Weibo to the rescue for China’s dogs

Guest post by chinadialogue intern Li Cheng. 

According to a September 19 report in Qiangjiang Evening News, a large-scale public boycott of the Jinhua Dog Meat Festival, organised on Weibo (“Chinese Twitter”), has led the Qiangxi township government in the eastern Chinese city of Jinhua to permanently cancel its lakeside “Dog Meat Festival”. Countless dogs have likely been saved. 

Early this month, someone posted a photograph of the “Jinhua Lakeside Dog Meat Festival” on the internet; a grim scene of bloody slaughter. According to one internet user, on the day of the “festival”, many dogs would be gathered up and butchered together, before being laid out in a banquet for friends and family. According to legend, this custom dates back to the time of Hong Wu, the first Ming emperor, over 600 years ago. 

A succession of animal protection groups and celebrities posted micro-blog messages about boycotting the “Jinhua Dog Meat Festival”, prompting a fierce reaction from internet users. Within a few days, thousands of people had re-posted the call for boycott, discussing, denouncing and condemning the cruel and bloody festival. The netizens focused on two actions: first, opposing the brutal mistreatment and killing of the dogs, including merchants butchering dogs in the middle of the street so as to solicit customers; and, second, questioning the source of the dogs – in recent years, many traders have reportedly been buying diseased dogs, as well as poisoning and stealing other people’s animals.

The local government began to pay heed to the fury online. After cadres and representatives from Yu village held a meeting to discuss the issue, the local government decided to cancel the lakeside Dog Meat Festival, originally planned to run from October 18 to 20. The Qianjiang Evening News report featured interesting details about the meeting, including the fact that during the discussion the county party committee secretary held in his hand 14 pieces of paper, each containing netizen comments on the “Dog Meat Festival”.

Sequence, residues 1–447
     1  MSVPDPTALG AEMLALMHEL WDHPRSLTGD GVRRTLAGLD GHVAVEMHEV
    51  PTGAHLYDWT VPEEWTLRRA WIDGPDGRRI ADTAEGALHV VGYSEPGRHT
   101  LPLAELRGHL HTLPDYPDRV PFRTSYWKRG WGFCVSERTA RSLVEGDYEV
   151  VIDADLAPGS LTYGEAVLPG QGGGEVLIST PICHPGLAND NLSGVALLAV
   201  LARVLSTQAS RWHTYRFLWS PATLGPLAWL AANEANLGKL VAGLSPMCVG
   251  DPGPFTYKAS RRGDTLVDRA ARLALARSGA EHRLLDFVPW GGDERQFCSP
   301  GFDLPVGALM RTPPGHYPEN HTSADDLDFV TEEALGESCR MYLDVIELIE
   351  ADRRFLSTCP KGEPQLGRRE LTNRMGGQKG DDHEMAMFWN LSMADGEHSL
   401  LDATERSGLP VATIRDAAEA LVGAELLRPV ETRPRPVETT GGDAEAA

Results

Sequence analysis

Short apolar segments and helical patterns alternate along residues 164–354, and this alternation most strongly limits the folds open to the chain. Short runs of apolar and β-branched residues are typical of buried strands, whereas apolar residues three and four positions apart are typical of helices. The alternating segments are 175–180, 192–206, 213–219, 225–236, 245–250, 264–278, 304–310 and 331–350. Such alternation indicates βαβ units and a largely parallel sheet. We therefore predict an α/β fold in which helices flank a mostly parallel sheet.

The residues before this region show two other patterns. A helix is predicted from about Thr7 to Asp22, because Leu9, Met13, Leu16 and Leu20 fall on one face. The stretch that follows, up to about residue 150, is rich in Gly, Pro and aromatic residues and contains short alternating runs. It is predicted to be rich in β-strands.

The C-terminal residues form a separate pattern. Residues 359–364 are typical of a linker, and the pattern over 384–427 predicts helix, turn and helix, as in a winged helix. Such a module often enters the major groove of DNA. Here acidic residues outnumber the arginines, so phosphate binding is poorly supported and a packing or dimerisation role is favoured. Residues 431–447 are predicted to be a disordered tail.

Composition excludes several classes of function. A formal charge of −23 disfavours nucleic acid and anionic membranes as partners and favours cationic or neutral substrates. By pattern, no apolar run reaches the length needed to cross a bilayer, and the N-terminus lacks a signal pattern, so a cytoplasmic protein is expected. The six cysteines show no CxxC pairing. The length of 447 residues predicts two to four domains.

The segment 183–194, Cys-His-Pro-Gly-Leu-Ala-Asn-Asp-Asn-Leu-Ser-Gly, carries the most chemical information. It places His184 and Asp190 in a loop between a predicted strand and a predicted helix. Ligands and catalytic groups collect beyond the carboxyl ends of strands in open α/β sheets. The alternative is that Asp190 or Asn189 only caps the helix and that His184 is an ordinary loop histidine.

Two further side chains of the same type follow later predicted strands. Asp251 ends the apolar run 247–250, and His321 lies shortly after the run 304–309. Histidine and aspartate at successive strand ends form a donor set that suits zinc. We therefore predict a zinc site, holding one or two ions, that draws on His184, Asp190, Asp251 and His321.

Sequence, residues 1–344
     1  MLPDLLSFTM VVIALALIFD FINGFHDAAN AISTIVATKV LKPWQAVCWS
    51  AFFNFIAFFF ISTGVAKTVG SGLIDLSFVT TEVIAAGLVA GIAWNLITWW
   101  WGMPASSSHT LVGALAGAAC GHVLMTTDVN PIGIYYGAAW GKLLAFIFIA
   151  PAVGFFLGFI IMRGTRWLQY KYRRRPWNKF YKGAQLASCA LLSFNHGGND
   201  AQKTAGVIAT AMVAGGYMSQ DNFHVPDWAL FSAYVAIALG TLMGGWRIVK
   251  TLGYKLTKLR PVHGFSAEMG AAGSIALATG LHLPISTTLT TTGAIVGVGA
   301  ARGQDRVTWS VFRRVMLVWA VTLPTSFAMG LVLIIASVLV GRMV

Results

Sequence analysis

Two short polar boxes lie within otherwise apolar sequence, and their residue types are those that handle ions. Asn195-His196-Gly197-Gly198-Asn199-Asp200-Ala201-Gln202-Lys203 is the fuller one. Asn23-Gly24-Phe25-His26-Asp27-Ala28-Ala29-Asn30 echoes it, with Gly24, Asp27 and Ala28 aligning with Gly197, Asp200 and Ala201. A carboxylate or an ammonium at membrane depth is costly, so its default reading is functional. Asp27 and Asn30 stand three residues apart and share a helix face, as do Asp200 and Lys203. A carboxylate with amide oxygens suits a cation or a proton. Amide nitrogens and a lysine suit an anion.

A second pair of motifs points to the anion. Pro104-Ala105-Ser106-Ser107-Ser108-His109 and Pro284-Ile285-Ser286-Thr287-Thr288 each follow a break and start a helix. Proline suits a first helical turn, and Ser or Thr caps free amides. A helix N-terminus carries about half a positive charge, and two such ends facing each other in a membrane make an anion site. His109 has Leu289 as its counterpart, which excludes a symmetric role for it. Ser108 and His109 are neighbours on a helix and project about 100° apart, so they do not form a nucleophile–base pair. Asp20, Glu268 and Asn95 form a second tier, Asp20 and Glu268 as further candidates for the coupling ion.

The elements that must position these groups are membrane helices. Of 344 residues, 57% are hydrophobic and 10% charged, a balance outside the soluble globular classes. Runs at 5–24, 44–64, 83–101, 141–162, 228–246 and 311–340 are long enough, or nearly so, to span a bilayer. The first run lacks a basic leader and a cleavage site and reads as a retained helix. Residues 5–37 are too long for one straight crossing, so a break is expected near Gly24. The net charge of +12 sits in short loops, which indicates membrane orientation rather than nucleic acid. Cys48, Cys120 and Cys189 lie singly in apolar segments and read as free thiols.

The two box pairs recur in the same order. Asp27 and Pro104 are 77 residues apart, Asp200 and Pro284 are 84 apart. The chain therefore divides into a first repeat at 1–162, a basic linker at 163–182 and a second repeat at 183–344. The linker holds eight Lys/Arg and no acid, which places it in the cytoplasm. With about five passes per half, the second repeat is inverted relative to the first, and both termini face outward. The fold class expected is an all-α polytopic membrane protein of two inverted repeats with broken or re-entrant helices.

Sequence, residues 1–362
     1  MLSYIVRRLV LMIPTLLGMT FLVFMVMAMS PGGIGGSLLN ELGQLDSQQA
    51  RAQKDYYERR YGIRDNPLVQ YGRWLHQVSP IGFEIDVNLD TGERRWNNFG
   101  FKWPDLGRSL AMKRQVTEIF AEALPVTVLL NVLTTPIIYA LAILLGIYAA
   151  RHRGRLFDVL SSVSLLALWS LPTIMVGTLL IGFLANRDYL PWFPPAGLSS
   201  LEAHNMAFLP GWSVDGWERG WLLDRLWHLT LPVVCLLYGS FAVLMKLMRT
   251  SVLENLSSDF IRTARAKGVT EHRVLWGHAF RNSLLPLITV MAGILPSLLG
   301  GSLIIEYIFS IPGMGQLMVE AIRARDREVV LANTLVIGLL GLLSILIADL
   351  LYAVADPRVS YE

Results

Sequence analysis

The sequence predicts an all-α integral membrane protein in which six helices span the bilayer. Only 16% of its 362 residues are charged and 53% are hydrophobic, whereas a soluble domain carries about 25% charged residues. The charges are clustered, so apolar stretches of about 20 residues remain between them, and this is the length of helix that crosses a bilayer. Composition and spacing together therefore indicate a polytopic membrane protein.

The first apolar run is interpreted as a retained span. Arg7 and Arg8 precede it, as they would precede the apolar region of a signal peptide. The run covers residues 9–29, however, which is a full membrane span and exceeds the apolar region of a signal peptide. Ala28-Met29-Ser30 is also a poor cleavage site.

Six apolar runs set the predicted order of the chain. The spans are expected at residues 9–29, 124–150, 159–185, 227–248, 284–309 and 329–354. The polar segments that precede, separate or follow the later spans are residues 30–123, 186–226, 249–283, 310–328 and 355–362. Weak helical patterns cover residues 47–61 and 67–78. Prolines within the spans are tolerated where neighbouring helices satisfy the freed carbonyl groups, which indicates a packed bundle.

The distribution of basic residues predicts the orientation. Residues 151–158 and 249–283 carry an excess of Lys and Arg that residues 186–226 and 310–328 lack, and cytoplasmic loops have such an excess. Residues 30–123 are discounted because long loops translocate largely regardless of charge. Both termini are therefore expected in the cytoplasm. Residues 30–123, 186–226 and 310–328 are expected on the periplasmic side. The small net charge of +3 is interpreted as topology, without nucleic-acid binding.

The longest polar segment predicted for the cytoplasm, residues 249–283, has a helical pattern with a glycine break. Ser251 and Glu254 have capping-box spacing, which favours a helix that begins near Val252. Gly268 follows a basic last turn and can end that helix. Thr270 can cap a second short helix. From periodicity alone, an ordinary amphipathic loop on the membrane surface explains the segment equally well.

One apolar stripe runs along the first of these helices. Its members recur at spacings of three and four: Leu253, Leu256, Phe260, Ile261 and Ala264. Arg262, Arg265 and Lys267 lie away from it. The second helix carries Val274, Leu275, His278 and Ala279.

A few months earlier, Beijing netizens had started a “save a dog by hitchhiking” movement on Weibo. More and more Chinese people are paying attention to animal welfare, and Weibo has became a new platform for mobilisation, though there are still many who believe eating dogs is a defensible part of local culture and those who oppose eating dog meat are just fanning flames.  

Chakme, from Tibet, said on Weibo that dogs have saved countless people’s lives, and never injured mankind: when people have been in the midst of disaster or struggling with poverty, dogs have always been there, guarding humanity; none of the touching stories about people and dogs are fabricated, Chakme said. “I will always protest cruel events such as the ‘Dog Meat Festival’ and bull fights on behalf of innocent animals!” In another post, Beijing University professor Lu Zhi asked: “Can mankind break the mould and stop biting the hand that feeds it?”  

Translated by chinadialogue intern Paul Carsten.